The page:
An article suspended from a neck chain or necklace (some Renaissance pieces were fastened to the sleeve), either as an auxiliary decoration or as an object worn for its own sake.
Examples of the latter type include an amulet, locket, miniature, pectoral cross or reliquary, but also an ornamental piece of jewelry, usually made of gold or silver, enamelled or set with gemstones or consisting primarily of a large gemstone alone or a cluster of pearls or small stones.
Most pendants are worn as ornaments but often they are an article of Devotional jewelry, mourning jewelry, or magical jewelry, not primarily decorative, evidenced by being worn sometimes under a bodice. Pendants vary greatly in style and size, from the simple primitive examples to the embolic ones of the Middle Ages and the elaborate jewelled ones of the Renaissance and modern times.
A small frame for a glyph or enamelled plaque, to be worn as a pendant. Such pieces were made in the 16th century, sometimes with enamelled decoration and set with colored gemstones.
Pendant watch. A type of woman’s watch worn suspended in the manner of a pendant and usually decorated with enamelling and gemstones. Examples having a gold case, with or without a hinged lid, were made in France from c. 1600; such watches are still being made today.
A gold monogram pendant with enamelling and set with table cut diamonds forming the monogram AA, and having superimposed a crown set with rubies.
It is thought to have been a wedding gift in 1546 to Anna (daughter of Christian II of Denmark) from the future Elector Augustus I of Saxony — the monogram combining their respective initials — and to have been designed by Matthias Zundt and made in a workshop in either Augsburg or Munich.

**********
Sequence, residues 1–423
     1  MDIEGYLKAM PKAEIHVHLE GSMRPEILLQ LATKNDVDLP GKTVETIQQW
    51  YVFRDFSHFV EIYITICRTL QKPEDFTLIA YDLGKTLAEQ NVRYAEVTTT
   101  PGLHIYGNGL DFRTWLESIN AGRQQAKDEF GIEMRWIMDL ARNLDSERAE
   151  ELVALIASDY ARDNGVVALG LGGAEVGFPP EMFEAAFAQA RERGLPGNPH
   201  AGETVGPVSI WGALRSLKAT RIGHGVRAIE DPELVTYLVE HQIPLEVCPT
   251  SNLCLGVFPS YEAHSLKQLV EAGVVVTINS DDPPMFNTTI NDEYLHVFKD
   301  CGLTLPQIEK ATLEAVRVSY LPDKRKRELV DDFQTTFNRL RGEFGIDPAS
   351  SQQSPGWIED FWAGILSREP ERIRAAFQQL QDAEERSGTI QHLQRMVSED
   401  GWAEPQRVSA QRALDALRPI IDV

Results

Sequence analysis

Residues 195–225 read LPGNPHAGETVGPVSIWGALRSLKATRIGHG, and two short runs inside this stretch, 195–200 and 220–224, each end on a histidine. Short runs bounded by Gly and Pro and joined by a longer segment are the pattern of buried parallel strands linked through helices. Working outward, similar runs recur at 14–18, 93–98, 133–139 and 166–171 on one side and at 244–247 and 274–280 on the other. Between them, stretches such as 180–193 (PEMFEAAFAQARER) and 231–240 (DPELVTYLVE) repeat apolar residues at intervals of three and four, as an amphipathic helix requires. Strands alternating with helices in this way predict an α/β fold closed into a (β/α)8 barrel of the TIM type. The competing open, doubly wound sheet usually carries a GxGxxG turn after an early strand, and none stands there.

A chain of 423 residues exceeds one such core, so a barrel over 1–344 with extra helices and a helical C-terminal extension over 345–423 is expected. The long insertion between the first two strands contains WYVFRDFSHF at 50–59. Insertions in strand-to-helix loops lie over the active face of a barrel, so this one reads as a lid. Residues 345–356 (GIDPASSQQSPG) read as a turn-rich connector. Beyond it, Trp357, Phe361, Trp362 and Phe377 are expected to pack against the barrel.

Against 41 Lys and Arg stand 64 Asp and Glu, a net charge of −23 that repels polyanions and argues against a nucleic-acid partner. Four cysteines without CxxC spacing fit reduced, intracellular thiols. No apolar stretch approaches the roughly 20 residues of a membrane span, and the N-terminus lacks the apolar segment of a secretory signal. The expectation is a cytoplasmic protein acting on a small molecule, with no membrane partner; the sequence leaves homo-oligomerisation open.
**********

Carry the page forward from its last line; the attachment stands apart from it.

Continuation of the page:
It has been recently suggested that the occasion for the gift was more likely in 1553 when Augustus succeeded to the title as Elector, thus giving a later date to the piece.
The pendant is still preserved in the Green Vault, Dresden.
A type of pendant made in the form of, or during in its design, an openwork monogram, sometimes enamelled or set with gemstones.
Such pieces became important during the 16th and 17th centuries. Several are said to have been designed by Hans Holbein The Yonger for Henry VIII, incorporating his initial and sometimes that of one of his wives or daughters or of his sister.
Some such pendants have been thought to have been made by Hans Mielich
A type of pendant (decorated with the letters I H S, a Christian sacred monogram (the insigne of the Jesuits) combining the I initials of a Latin phrase, the words of which have been variously stated.
The earliest known example is from c. 1480. Such pendants were popular in all countries of Western Europe in the 15th to 17th centuries, being shown in many portraits, e.g. Mary of Burgundy, Henry VIII, Queen Anne of Denmark, and Alethea Talbot, Countess of Arundel.